Tucker goes on to say she is flabbergasted to know just how many people are unaware that a standard aluminum hull should not be put into salt water without the correct preparation on the hull. Some other questions she asks are what price range they want to stay in, what they will be utilizing the boat for (liveaboard or just as a getaway), what is the largest size boat they would want, how many bedrooms, and lastly where it's going. "This is imperative because a lot of people will start the hunt for a houseboat before they realize there are size limits on many lakes," Tucker says.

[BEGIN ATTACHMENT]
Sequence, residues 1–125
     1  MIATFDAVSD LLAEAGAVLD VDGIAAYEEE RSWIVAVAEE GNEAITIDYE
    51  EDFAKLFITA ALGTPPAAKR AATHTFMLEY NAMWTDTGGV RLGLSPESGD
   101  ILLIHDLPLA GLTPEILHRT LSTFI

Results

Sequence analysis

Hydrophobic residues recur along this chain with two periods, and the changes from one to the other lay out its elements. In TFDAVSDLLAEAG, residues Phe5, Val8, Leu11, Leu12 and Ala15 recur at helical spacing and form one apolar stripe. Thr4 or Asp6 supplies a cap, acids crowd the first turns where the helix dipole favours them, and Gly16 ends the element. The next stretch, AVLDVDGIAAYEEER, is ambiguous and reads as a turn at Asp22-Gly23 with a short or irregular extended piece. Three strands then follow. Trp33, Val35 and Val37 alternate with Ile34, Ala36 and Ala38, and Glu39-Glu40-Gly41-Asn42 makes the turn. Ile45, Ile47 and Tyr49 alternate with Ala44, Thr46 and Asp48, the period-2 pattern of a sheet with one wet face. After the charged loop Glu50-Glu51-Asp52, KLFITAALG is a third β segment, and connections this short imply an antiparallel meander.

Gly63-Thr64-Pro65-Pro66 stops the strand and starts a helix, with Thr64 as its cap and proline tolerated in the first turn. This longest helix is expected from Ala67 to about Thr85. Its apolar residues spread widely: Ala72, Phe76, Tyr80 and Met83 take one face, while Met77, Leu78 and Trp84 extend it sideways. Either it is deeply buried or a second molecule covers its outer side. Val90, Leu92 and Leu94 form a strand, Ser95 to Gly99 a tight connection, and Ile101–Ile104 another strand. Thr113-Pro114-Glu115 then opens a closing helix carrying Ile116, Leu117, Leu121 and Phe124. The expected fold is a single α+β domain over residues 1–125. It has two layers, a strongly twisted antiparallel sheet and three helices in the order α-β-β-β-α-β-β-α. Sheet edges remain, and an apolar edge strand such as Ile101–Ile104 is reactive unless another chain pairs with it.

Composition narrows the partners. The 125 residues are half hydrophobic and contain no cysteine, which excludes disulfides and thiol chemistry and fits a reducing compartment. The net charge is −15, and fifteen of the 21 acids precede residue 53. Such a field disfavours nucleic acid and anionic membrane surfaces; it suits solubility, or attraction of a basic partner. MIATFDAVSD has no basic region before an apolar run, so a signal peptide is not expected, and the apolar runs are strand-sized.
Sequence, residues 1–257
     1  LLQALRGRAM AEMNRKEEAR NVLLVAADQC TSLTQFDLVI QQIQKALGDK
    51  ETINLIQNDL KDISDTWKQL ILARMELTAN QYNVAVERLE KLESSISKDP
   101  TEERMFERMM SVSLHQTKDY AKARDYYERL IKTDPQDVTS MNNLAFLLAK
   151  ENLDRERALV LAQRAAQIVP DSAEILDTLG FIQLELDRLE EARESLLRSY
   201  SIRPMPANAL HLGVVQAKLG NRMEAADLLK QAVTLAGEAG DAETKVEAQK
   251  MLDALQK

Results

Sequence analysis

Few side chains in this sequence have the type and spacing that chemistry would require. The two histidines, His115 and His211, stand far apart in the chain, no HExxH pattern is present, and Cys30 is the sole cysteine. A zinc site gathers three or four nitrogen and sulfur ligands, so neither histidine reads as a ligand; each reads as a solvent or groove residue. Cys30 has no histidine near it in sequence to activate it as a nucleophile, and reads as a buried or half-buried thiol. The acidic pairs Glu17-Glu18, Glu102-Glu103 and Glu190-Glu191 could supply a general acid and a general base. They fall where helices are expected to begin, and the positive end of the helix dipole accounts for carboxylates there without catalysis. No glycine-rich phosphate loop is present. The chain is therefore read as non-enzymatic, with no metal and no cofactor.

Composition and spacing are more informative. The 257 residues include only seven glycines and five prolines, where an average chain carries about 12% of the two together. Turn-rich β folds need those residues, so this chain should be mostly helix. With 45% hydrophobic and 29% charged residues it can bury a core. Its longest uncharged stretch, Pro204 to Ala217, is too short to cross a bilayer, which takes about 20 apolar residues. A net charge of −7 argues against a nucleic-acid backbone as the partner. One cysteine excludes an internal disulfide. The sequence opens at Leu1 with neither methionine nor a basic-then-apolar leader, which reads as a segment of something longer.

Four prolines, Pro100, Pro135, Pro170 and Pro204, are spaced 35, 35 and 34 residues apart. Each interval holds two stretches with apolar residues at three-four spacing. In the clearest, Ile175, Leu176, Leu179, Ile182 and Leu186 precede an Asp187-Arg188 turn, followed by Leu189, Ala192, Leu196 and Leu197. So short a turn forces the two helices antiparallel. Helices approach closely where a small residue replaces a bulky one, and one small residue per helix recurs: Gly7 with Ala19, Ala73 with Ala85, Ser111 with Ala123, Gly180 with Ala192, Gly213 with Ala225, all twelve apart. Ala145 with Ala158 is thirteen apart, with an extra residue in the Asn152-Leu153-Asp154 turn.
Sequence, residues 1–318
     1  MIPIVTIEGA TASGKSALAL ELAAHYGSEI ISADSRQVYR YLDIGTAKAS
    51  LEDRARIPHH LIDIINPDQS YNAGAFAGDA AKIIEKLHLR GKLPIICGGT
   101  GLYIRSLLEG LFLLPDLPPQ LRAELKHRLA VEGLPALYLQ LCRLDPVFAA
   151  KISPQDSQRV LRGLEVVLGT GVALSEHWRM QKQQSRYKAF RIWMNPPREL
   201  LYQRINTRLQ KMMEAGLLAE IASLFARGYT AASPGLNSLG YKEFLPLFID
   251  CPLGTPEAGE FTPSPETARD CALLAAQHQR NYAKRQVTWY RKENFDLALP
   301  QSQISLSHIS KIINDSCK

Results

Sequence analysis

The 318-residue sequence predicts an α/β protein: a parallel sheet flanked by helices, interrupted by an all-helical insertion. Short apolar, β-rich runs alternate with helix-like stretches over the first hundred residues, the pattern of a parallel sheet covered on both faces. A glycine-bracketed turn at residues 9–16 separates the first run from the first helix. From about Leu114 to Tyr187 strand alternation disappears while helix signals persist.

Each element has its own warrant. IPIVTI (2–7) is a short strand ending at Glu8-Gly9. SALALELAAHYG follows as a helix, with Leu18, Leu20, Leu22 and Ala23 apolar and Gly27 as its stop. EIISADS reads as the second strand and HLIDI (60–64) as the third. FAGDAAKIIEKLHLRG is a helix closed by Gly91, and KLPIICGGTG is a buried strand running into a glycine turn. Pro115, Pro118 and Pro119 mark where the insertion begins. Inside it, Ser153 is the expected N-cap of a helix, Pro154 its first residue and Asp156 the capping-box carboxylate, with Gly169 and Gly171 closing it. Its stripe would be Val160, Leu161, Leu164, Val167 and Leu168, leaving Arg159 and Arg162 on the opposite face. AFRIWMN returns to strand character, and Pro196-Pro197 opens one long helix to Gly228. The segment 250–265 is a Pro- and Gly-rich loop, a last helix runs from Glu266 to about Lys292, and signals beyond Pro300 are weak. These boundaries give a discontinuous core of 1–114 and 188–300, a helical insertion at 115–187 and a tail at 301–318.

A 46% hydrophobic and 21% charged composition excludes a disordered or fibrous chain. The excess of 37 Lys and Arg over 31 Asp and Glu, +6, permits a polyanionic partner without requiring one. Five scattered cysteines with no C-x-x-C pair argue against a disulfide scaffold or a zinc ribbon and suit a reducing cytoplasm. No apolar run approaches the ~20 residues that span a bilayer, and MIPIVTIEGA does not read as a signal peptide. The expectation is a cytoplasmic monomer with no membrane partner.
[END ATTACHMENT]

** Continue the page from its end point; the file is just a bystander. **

All In The Details
Ken Vance with Elite Boat Sales goes into great detail with his customers. He asks them every question you can possibly think of. He doesn't leave his customers hanging or want them to leave with uncertainty. Vance likes to dig in and get to know exactly what the customer is looking for including price range, size of boat, width, number of bedrooms, and whether or not they require a flybridge. After getting the basics, he can determine whether they need a canvas or a fiberglass party top and how many engines and what thrusters are needed.
"Once the nuts and bolts are covered, customers get to make the fun decisions including: décor, slide, jet ski ramp, bar on top of the deck, etc," says Vance. "The more critical points of buying a boat that are discussed are the different finance options, transportation, insurance, sales tax and slip price. On our website, we have a link called related info where you can find information regarding insurance quotes, transporters if they need to be relocated, surveyors and other general information."